A Galton board, also known as a quincunx, is a device invented by Francis Galton in 1873 that consists of two upright boards with rows of pins, and a funnel. In this paper, three new mathematical models of Galton board that are of increasing complexity are formulated. The discussion includes a brief literature review, the description of the systems, the important physical processes, the assumptions employed and the derivation of the governing equations of the models. The quincunx models are folded into a discrete-time deterministic dynamical system, called the quincunx maps, that enables a simplified analysis of the symbolic dynamics. While Galton and countless subsequent statisticians have suggested that a small ball falling through a quincunx would exhibit random walk; the results of the symbolic dynamics analysis demonstrate that this is not the case. This paper presents evidence that the details of the deterministic models are not essential for demonstrating deviations from the statistical models. © 2014 Elsevier B.V.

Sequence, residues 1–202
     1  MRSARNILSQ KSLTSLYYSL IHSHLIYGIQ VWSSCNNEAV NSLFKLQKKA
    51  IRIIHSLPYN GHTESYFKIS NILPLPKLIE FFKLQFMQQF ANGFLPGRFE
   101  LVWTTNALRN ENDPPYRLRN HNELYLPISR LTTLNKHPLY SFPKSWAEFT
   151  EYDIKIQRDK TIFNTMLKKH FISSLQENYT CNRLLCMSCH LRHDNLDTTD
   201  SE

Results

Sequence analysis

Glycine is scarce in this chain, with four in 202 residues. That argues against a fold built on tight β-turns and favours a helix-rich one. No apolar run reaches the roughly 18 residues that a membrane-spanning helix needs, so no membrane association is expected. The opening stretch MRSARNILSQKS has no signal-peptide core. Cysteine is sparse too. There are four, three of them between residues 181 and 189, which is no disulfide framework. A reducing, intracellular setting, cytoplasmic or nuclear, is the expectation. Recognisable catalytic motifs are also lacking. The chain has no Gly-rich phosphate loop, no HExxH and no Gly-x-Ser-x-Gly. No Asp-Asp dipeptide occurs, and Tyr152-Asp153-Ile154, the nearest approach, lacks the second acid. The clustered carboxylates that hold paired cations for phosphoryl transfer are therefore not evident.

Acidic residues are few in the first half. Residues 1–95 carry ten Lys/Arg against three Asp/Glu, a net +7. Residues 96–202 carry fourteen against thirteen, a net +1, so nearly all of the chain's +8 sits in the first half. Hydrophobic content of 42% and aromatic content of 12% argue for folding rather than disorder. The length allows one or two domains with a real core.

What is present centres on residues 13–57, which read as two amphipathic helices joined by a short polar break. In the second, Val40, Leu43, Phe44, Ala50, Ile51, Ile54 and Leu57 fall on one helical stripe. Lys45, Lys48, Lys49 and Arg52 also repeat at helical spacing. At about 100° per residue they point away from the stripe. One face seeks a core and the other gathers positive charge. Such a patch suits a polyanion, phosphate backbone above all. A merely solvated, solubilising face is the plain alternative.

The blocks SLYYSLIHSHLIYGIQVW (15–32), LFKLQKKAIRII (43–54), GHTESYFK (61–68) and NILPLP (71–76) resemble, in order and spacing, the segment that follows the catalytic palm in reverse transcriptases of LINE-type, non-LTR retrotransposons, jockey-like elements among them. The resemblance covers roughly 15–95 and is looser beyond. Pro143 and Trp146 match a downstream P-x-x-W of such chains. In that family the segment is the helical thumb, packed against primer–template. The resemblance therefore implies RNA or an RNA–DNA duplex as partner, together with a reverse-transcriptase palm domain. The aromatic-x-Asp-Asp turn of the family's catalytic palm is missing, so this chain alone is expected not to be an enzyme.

|Journal||Communications in Nonlinear Science and Numerical Simulation|
|Publication status||Published - 2014|